Transmission cooling lines, inlet vs outlet

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G_RIDE_81

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Oct 30, 2019
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Hope this question belongs here (since its about cooling) and not the Transmission thread.

On the radiator, is the top or bottom line the outlet? Getting ready to add an auxiliary trans cooler and plan to feed it from the radiator outlet. Thanks in advance!

Car: 1981 Chevy MC, TH350, V8, original other than a 350ci upgrade.
 
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Top line on the transmission to the top line on the radiator is cooler in.

Bottom line of the radiator goes to bottom line on the transmission is lube (cooler out).

This oil lubes the planetary gears and bearings and cools the internal parts. The temperature can be too cool for proper lubrication a thermostatic bypass is recommended for the auxiliary cooler.
 
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I work in the food processing industry. Every heat-exchanger I've come across in our plants (tube-in-plate/tube-in-tube variety) are usually set-up to be 'flooded' @ all times for proper efficiency. Some of these units are the size of an entire g-body. 'In' is @ the bottom & 'out' is @ the top. I'd be curious if & why the arrangement in an automotive app would be engineered any different?
 
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Top line on the transmission to the top line on the radiator is cooler in.

Bottom line of the radiator goes to bottom line on the transmission is lube (cooler out).

This oil lubes the planetary gears and bearings and cools the internal parts. The temperature can be too cool for proper lubrication a thermostatic bypass is recommended for the auxiliary cooler.
Thanks for responding. Forgot to mention I did add a shift kit when the trans was rebuilt and added 3.42 gears in the rear when it crapped out. I'm certain these upgrades have added some heat when I'm at higher speeds. Haven't pushed the car passed 55mph since the gear swap since the rpm's are quite high at that speed.
 
I work in the food processing industry. Every heat-exchanger I've come across in our plants (tube-in-plate/tube-in-tube variety) are usually set-up to be 'flooded' @ all times for proper efficiency. Some of these units are the size of an entire g-body. 'In' is @ the bottom & 'out' is @ the top. I'd be curious if & why the arrangement in an automotive app would be engineered any different?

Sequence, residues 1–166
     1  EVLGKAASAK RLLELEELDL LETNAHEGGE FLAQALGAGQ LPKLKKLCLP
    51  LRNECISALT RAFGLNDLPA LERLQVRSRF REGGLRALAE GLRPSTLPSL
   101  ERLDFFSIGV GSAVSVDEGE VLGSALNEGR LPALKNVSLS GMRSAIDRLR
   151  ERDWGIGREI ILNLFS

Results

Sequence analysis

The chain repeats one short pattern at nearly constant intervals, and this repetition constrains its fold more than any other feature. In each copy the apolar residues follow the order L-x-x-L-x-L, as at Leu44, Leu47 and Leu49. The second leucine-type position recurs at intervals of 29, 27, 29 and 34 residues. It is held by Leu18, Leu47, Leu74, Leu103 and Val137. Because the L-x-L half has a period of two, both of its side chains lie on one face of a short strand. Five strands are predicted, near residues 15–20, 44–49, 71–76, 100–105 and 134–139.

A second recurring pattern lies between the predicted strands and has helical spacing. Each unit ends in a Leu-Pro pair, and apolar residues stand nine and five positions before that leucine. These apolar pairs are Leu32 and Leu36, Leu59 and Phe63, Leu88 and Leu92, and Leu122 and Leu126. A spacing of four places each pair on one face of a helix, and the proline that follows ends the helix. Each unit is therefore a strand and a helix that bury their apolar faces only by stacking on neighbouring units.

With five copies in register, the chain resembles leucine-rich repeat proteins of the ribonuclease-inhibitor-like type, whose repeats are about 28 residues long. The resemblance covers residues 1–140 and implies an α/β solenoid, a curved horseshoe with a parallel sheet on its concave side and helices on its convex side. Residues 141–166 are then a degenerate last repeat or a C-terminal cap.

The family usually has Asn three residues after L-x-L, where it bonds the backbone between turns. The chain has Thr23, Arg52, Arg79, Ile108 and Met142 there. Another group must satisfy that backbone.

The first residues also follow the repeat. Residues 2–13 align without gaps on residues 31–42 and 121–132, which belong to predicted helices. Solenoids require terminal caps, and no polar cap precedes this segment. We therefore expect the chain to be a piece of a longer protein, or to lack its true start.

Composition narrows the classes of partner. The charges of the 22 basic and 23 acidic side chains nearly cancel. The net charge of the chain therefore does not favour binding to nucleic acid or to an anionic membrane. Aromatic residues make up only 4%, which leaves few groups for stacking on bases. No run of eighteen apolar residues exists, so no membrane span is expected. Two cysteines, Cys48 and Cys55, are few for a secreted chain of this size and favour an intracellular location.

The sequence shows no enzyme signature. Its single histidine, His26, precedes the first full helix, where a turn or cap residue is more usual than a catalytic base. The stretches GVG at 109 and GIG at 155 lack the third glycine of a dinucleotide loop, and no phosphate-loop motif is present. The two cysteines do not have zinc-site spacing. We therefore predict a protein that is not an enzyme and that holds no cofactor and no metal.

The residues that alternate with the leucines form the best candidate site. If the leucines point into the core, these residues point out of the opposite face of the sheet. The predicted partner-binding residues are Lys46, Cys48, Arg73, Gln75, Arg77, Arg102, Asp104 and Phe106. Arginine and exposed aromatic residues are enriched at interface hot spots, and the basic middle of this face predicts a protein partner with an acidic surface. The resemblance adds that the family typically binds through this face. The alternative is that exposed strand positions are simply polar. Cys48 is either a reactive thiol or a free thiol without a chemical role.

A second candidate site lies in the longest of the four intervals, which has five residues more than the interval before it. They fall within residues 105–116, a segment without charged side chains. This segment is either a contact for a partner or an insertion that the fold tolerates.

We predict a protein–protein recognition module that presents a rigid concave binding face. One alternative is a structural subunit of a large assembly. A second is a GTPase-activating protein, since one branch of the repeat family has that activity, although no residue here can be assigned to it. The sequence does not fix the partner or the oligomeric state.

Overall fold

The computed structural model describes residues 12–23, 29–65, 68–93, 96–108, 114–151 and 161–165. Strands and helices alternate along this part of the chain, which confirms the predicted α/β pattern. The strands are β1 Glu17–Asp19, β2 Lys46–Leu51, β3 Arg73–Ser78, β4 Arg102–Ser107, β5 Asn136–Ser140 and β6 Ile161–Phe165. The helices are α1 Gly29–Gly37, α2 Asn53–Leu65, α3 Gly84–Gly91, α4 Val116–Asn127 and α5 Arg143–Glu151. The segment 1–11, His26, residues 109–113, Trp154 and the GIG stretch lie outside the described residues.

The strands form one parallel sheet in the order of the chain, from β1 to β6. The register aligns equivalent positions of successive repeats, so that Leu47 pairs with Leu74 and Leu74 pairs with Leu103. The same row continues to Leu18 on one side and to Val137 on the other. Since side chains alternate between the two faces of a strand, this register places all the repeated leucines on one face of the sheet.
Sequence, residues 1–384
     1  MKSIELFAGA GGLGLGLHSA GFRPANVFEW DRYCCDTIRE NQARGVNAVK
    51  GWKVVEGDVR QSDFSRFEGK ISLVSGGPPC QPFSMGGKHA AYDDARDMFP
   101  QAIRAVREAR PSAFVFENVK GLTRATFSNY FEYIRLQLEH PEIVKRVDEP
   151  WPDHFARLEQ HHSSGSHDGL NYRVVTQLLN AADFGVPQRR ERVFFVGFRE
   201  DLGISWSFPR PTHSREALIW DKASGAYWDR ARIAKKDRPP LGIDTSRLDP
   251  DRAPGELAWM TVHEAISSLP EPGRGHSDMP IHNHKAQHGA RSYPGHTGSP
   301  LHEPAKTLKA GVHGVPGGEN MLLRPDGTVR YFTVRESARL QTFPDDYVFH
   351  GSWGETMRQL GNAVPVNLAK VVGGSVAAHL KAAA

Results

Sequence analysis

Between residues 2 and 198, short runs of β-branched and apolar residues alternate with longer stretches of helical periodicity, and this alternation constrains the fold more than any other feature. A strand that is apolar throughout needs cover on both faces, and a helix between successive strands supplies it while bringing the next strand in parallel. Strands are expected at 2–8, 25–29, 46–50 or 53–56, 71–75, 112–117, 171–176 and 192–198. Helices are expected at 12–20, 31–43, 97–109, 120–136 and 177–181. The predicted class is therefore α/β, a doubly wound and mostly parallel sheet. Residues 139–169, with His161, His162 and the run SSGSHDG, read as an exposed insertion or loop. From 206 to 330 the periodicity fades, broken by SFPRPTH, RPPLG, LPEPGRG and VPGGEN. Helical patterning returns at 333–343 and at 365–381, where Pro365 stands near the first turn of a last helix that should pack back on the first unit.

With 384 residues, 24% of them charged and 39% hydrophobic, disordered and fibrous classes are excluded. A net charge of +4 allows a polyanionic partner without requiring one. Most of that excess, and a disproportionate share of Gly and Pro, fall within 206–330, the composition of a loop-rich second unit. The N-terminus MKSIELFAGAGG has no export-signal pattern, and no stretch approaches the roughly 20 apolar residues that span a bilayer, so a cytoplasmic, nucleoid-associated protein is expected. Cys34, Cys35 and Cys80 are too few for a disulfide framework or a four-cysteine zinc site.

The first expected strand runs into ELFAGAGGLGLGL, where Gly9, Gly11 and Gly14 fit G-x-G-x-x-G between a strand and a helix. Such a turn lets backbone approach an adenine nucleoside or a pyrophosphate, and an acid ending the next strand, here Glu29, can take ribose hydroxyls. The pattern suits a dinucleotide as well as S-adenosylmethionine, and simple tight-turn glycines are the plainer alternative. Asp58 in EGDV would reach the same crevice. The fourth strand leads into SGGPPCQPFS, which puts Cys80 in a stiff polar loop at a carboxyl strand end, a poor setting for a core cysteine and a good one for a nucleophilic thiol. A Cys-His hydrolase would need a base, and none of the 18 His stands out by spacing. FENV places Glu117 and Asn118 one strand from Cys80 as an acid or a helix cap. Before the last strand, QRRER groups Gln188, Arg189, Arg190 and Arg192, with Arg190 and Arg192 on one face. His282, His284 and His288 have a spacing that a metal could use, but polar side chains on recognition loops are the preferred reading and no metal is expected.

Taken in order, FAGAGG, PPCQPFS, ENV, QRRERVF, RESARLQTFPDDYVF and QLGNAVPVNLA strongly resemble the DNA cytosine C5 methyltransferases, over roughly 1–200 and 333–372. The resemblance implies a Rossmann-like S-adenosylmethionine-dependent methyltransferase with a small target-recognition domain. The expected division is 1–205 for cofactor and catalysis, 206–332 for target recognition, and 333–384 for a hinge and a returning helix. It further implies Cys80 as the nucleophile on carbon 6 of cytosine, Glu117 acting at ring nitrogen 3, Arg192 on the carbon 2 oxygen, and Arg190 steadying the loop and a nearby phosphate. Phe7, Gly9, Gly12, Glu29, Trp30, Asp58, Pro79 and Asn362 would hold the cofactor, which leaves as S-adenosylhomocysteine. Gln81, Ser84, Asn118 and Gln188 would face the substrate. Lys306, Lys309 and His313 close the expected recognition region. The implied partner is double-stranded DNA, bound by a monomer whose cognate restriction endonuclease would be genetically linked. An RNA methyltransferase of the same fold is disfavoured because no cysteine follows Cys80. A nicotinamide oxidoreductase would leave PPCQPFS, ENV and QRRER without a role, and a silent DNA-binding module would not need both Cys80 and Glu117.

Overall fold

I've seen several videos of Chevy pickups from mid 70's up through 2000's where the tap into to top line at the radiator.

Can anyone else confirm that its the same on gbody's?
 
Trace the lines from the transmission to the radiator and see which is which. From GM drawings it is top to top and bottom to bottom.

TH200, 200c cooler line.jpg


200-4R cooler lines.jpg

350 cooler lines.jpg
 
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I thought we were talking TH350 here, not 200 series. 200 series has the return line exactly as described above. I always thought the TH350 was opposite of that, as shown below.

Hell, now I'm getting corn-fused.

1639163044413-png.429512
 
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This does not look like my trans per the images. To the best of my knowledge I have a TH350, with the governor on the DRIVER side. Certain of this as I had to use a governor calibration kit to adjust shift points after the gear swap.
Sure, the governor is on the driver side, but the round accumulator cap on the passenger side should look like yours too. The 200C and 200-4R, I believe, are the only "backwards" flow transmissions GM has with the pressure port on top and the return line on the bottom.

As far as the heat exchanger goes, it kinda doesn't make much difference which line goes where, although generally the return line comes out of the top line, although not always. The radiator is a cross-flow design on a G-body which means the coolant should be about the same temperature coming from the cross tubes entering into the tank whether top or bottom. But, since the coolant flow is down, it makes sense to run the transmission fluid upward against the coolant flow to maximize heat transfer between the two fluids.

As far as mounting an aux cooler, you would disconnect the return line to the transmission from the radiator. Connect one port of the aux cooler to the radiator port, and the other connection to the line going back to the transmission. You're effectively putting that aux cooler in series on the return line from the radiator to transmission. You're done. Theoretically, most aux coolers don't care which way fluid passes through them as it's a cross-flow air to fluid transfer anyway.

4l60e-cooler-line-flow-direction.gif
 
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I work in the food processing industry. Every heat-exchanger I've come across in our plants (tube-in-plate/tube-in-tube variety) are usually set-up to be 'flooded' @ all times for proper efficiency. Some of these units are the size of an entire g-body. 'In' is @ the bottom & 'out' is @ the top. I'd be curious if & why the arrangement in an automotive app would be engineered any different?
And in heat exchanger land, counter flow heat exchangers are more efficient. So I would think setting up the car would be the same idea.
 
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